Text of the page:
Members of the Scottish Parliament were recently briefed on a legal concept that is rapidly gaining traction on the international stage: an international crime of ‘ecocide’.
It is widely recognised that humanity stands at a crossroads. As underlined in the IPCC’s Sixth Assessment Report (August 2021), the scientific evidence points to the conclusion that the emission of greenhouse gases and the destruction of ecosystems at current rates will have catastrophic consequences for our common environment.
Our briefing of MSPs, one of many political briefings we’ve been requested to provide lately, asserted that international law may have a seminal role to play in transforming our relationship with the natural world, shifting that relationship from one of harm to one of harmony. This is because, despite significant progress, existing laws and treaties are proving inadequate to supply the strong guardrail needed to prevent the root causes of the global climate and ecological crisis.
What is required is nothing short of a new taboo. We all know one cannot request a licence to kill people in pursuit of a new infrastructure project. Indeed, it wouldn’t even cross our minds to do so. But we don’t yet recoil in the same way from destruction of ecosystems, and it is becoming ever more apparent that we must. We believe an international crime of ecocide has the potential to begin to create this much-needed shift in perspective.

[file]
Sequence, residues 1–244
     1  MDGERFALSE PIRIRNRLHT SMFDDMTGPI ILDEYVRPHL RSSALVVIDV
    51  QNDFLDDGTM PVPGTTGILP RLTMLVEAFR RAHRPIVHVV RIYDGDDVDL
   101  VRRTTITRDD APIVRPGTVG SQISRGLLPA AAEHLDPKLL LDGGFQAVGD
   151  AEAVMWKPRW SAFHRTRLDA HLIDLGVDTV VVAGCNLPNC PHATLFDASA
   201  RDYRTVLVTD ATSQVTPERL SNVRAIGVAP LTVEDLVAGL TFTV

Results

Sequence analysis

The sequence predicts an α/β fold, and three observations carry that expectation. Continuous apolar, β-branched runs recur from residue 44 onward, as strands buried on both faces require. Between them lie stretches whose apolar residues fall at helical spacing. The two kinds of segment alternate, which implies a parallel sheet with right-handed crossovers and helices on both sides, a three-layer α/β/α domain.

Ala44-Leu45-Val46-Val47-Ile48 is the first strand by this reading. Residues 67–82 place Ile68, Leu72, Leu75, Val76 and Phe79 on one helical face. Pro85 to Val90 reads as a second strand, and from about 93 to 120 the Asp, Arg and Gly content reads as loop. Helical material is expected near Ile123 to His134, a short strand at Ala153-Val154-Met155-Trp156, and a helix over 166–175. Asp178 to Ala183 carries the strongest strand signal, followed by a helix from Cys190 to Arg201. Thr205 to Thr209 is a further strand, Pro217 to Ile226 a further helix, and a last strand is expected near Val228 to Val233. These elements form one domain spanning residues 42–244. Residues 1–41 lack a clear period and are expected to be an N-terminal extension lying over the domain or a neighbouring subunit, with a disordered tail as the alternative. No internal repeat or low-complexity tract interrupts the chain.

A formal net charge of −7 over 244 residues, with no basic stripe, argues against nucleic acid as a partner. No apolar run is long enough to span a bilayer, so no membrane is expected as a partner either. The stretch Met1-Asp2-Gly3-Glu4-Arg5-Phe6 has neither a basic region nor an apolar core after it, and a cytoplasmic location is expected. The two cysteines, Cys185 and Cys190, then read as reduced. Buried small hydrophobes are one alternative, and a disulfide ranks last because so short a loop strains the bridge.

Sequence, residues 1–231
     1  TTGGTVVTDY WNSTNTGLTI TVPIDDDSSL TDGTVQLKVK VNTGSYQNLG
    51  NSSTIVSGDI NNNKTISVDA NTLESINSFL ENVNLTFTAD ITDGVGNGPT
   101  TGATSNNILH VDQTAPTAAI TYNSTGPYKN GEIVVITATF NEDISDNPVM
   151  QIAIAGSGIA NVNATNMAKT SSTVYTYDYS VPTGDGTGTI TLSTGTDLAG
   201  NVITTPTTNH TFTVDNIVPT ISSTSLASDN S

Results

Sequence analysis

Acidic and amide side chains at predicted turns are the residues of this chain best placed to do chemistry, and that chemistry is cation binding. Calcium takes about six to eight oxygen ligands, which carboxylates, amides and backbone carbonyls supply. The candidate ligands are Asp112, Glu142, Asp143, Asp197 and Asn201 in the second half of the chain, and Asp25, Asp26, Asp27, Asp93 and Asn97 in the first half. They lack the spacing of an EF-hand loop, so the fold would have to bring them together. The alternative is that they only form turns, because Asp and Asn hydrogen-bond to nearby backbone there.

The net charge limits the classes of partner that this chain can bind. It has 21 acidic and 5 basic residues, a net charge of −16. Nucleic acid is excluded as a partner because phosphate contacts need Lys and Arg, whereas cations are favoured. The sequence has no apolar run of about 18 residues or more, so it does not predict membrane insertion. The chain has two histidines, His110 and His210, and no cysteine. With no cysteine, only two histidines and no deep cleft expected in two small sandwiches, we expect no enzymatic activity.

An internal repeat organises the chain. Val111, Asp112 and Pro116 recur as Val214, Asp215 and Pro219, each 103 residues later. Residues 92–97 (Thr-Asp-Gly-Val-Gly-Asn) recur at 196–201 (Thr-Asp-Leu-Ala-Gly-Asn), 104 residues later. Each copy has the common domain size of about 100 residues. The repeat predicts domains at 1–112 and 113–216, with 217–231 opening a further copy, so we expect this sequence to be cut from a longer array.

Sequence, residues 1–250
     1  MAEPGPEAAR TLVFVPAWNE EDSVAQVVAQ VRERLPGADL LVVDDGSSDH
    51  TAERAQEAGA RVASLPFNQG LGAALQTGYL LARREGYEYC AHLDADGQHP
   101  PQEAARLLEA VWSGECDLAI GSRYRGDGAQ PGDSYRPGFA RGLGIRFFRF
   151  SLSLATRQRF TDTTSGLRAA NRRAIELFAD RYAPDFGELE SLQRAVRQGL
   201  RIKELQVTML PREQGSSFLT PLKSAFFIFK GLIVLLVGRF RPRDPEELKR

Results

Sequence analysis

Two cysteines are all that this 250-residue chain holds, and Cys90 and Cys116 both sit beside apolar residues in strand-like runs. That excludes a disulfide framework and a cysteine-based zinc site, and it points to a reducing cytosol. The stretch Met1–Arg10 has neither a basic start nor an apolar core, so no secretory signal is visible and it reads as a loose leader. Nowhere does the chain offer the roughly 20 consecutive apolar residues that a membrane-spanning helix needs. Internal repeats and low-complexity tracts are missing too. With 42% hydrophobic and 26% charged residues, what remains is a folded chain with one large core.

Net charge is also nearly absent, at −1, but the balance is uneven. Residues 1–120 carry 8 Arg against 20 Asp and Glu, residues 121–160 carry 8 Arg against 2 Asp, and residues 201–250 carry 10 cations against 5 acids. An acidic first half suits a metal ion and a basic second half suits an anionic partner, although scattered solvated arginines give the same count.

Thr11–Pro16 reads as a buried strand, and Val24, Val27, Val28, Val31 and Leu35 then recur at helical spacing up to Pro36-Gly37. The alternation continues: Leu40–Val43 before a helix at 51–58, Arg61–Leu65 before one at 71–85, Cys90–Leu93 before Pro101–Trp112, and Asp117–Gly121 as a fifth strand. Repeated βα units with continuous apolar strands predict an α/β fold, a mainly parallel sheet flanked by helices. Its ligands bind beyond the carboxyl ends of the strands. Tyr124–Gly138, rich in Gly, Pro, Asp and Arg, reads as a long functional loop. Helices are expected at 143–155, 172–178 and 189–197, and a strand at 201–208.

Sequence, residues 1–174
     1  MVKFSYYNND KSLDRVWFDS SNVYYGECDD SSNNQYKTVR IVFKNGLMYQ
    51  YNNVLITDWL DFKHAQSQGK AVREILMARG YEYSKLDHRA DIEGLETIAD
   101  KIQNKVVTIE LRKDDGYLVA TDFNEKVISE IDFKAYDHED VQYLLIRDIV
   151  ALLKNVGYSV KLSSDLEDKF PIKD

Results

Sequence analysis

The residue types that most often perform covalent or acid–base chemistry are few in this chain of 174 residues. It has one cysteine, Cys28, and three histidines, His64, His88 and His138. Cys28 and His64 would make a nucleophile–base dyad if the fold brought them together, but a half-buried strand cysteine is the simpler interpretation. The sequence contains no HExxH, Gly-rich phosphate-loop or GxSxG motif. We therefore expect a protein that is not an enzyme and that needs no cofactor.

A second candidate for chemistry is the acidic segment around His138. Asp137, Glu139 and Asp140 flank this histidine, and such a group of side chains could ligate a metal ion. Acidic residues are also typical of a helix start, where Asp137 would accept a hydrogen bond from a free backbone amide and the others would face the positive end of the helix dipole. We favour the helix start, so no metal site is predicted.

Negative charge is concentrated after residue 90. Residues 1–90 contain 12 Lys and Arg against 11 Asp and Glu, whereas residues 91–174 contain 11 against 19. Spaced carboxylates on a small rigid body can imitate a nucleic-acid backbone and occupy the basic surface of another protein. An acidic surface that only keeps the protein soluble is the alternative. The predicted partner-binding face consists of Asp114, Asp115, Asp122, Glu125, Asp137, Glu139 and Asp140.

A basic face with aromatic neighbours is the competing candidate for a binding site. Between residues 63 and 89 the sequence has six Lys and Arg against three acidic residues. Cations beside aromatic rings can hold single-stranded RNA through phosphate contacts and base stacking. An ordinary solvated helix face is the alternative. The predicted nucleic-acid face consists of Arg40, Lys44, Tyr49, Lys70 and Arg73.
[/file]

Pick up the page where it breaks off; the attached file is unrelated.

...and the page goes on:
History and recent progress
The word ecocide was coined in 1970 to describe the damage caused by defoliant Agent Orange in Vietnam, and in 1972, at the UN Conference on the Human Environment, Swedish Prime Minister Olof Palme evoked the idea of ecocide as an international crime. The idea was then taken forward by others, including Richard Falk (1973) and Benjamin Whitaker (1985); there have also been more recent efforts, notably from Scottish barrister the late Polly Higgins (1968-2019) whose legacy is being expanded upon by a growing collaborative movement. Our work sits at the heart of this expanding global network.
Ecocide campaigner Polly Higgins, with RSGS Shackleton Medal that she received in September 2018.
In November 2019 Pope Francis, addressing the International Association of Penal Law, suggested that ecocide should be considered a fifth category of crimes against peace, and in December 2019 climate-vulnerable island states Vanuatu and the Maldives officially called on member states of the International Criminal Court (ICC) to consider amending the Rome Statute to include ecocide alongside the four existing international crimes.
Since that time, a further 14 member states of the ICC have a record of discussion of this crime either at parliamentary or government level: Bangladesh, Brazil, Belgium, Canada, Chile, Finland, France, Luxembourg, Mexico the Netherlands, Portugal, Spain, Sweden, and the UK. The EU Parliament has voted in support of ecocide crime in the contexts of foreign affairs, legal affairs and biodiversity strategy, and support was virtually unanimous at the Inter-Parliamentary Union. Closer to home, a motion put forward by Monica Lennon MSP in support of the recently launched legal definition of the crime has gained broad cross-party support in Scotland.